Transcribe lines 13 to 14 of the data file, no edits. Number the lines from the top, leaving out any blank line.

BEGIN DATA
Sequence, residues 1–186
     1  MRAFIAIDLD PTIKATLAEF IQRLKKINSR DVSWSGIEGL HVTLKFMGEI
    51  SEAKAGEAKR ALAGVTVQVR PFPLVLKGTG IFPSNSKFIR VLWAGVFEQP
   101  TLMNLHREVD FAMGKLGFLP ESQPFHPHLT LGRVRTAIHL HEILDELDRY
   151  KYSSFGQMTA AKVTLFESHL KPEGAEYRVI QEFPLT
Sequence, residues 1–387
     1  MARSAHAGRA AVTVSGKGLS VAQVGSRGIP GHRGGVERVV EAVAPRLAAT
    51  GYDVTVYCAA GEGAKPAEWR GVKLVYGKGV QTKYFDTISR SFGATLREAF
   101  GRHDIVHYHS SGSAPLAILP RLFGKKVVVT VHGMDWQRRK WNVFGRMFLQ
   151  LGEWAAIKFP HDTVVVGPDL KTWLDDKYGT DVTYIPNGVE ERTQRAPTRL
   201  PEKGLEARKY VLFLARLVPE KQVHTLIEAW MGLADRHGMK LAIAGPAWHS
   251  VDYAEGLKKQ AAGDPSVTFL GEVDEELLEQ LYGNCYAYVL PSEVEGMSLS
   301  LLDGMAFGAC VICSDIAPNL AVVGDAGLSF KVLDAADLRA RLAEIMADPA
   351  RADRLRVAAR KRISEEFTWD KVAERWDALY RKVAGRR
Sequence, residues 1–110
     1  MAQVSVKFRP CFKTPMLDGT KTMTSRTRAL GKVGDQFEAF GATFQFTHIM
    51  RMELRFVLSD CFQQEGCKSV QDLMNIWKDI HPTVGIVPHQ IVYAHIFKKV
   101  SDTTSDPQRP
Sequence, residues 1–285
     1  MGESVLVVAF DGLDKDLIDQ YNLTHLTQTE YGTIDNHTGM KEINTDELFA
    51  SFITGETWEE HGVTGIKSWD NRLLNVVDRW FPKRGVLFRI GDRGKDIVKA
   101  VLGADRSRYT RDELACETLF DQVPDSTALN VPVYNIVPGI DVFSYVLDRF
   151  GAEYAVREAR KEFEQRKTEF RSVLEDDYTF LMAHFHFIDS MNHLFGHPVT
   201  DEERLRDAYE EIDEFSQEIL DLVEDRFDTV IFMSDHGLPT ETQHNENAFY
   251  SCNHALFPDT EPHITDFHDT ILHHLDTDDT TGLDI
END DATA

   301  LLDGMAFGAC VICSDIAPNL AVVGDAGLSF KVLDAADLRA RLAEIMADPA
   351  RADRLRVAAR KRISEEFTWD KVAERWDALY RKVAGRR